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Department of Languages, Literatures and Cultures

Plato and Platonisms: The Constitution of a Tradition

10th Annual Comparative Literature Conference

The final Conference Program is no longer available for download.


Registration for the conference is still open. You will also be able to register on site.

Please mail all forms to:
Paul Allen Miller
Department of Languages, Literatures and Cultures
Columbia, SC 29208

Make checks payable to "CPLT Conference 2008"

*New - links are now available to some of the plenary speaker's biographies. Please see below.

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Call for Papers

Sponsored by the Departments of Languages, Literature, and Cultures, Philosophy, and Political Science

Plato and Platonisms: The Constitution of a Tradition
March 20-22, 2008
Directed by: Mark Beck, Jill Frank, Jeremiah Hackett, Paul Allen Miller,
Matthew Kenney and Heike Sefrin-Weis

Plato is in many ways a very contemporary author. The Platonic texts and the traditions they initiate remain at the center not only of analytic and continental philosophy, but are also founding moments in the history of political and literary theory, aesthetics, poetics, rhetoric, and law. In numerous dialogues, Plato revealed himself to be a literary craftsman of the highest caliber with a flair for dramatic presentation and psychologically refined portraiture. All of these factors combine to make Plato and Platonism endlessly rich resources calling for continuous exploration, interpretation, and a broad interdisciplinary perspective to do justice to the various texts and contexts in which Plato has had and continues to have a formative impact. In this spirit, the University of South Carolina announces an international and interdisciplinary conference on Plato and Platonisms from antiquity through the Middle Ages and Renaissance to the present.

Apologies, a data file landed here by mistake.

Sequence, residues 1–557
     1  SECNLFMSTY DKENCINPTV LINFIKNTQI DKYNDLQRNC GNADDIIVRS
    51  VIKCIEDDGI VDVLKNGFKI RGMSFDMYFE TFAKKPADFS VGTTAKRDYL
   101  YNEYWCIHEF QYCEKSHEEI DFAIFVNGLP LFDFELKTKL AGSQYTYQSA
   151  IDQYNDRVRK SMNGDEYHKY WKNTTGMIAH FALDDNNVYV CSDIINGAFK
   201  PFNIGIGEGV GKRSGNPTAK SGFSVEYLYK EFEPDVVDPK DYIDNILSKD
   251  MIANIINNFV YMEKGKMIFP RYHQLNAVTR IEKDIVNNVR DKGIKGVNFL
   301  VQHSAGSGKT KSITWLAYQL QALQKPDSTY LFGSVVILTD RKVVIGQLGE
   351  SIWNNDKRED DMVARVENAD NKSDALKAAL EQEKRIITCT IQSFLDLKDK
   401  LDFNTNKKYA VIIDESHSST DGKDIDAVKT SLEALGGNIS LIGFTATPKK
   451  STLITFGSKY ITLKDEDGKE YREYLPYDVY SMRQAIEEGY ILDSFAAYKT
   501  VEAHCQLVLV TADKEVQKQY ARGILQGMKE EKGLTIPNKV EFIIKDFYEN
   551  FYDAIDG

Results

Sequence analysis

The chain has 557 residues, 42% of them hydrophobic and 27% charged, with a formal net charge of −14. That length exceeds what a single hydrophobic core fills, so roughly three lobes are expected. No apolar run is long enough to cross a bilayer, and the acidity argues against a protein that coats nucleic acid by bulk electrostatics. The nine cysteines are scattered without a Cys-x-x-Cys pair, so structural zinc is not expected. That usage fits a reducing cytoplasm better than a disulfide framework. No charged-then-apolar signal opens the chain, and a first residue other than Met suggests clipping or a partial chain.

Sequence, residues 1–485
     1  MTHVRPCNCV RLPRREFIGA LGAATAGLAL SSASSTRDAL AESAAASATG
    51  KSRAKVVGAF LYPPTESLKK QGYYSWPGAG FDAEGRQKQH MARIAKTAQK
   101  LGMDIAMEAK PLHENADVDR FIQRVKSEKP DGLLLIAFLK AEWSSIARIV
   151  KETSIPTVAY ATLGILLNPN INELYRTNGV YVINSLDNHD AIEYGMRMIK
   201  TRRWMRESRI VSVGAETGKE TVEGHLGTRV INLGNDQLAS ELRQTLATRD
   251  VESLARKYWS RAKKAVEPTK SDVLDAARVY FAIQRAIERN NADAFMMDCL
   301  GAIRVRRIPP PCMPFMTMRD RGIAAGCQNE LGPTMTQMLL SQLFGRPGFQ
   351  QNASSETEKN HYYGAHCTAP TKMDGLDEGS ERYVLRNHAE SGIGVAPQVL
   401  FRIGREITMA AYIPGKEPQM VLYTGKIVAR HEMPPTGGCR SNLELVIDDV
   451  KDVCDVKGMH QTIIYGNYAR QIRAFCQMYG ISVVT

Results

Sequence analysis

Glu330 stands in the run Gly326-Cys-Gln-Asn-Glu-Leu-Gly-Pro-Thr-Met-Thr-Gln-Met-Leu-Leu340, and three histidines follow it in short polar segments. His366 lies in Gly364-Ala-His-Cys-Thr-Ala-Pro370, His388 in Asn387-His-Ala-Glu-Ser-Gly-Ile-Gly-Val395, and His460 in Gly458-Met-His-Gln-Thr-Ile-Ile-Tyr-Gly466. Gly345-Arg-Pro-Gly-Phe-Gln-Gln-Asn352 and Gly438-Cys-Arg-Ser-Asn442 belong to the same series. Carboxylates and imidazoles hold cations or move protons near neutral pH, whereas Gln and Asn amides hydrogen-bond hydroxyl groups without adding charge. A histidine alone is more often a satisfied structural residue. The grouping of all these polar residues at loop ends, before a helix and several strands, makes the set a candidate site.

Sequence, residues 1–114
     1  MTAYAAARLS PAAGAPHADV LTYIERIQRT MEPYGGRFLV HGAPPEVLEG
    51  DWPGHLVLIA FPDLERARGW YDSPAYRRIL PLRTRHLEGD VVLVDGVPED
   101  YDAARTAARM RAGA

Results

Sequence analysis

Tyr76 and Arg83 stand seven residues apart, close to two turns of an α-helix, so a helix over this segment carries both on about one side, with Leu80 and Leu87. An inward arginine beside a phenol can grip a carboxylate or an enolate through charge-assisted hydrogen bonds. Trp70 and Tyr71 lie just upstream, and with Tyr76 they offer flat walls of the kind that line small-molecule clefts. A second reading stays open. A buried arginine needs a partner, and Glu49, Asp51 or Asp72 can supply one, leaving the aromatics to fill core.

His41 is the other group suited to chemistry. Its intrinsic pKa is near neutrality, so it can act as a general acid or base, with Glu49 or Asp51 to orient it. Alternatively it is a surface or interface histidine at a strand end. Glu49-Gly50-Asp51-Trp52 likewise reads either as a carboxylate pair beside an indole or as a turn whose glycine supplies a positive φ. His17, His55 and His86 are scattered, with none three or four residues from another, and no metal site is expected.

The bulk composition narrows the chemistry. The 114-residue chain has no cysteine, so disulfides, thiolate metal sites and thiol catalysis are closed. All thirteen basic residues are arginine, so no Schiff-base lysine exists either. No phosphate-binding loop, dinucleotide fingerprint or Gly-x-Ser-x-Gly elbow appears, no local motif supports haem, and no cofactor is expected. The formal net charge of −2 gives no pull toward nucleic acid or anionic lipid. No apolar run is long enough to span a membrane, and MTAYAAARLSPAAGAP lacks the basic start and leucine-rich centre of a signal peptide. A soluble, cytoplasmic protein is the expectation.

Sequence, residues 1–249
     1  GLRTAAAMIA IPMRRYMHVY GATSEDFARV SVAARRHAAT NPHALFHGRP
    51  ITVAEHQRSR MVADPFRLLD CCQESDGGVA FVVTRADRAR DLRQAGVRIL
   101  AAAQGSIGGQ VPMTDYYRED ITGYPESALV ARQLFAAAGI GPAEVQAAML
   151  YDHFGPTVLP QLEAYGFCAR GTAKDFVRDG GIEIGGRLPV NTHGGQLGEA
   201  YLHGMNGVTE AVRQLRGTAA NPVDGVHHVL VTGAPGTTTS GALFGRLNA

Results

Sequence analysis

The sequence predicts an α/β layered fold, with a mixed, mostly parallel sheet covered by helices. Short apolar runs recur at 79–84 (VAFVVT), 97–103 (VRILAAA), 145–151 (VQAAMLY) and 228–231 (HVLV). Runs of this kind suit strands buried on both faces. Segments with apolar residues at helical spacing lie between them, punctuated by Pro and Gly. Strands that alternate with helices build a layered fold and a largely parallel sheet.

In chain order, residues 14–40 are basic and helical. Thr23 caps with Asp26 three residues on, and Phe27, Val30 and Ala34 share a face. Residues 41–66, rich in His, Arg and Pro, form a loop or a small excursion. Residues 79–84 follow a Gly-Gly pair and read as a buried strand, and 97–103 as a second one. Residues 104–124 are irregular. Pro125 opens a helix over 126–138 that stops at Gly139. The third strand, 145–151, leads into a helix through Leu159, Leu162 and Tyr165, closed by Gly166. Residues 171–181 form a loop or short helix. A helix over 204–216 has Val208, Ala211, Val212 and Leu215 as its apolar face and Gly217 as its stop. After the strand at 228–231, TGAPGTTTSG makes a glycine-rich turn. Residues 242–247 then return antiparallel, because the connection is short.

Plenary Speakers: 
Luc Brisson, Centre National de la Recherche Scientifique
John Dillon, Trinity College Dublin
Mary Louise Gill, Brown University
Stephen Halliwell, University of Saint Andrews
James Hankins, Harvard University
Richard Kraut, Northwestern University
Steven Shankman, University of Oregon

In addition to these plenaries, there will be panels exploring the development of Platonic tradition(s), Plato and his predecessors, literary aspects of Platonic dialogues, the reception of Platonism, Aristotle and Plato, Middle Platonism, and Neoplatonism. To this end, we invite papers that explore particular Platonic dialogues, themes across dialogues, works of authors claiming or disavowing a debt to Plato, as well as studies on other topics that touch on any of the myriad manifestations of Plato’s influence. In particular, we desire papers that pinpoint a connection, anchor it explicitly in Plato and show us how a certain motif, idea, doctrine etc. is a 'Platonism', rooted in a tradition and founded on a dialogue with Plato. We also invite papers that problematize the very traditions in which we have been trained to read Plato. What are they? Where are they located? How are they constituted? To what extent do they dictate our response to Plato and to what extent do they provide the means to think differently?

250 word proposals for twenty-minute papers, or 750 word proposals for three paper panels, should be sent to by September 1, 2007.

Challenge the conventional. Create the exceptional. No Limits.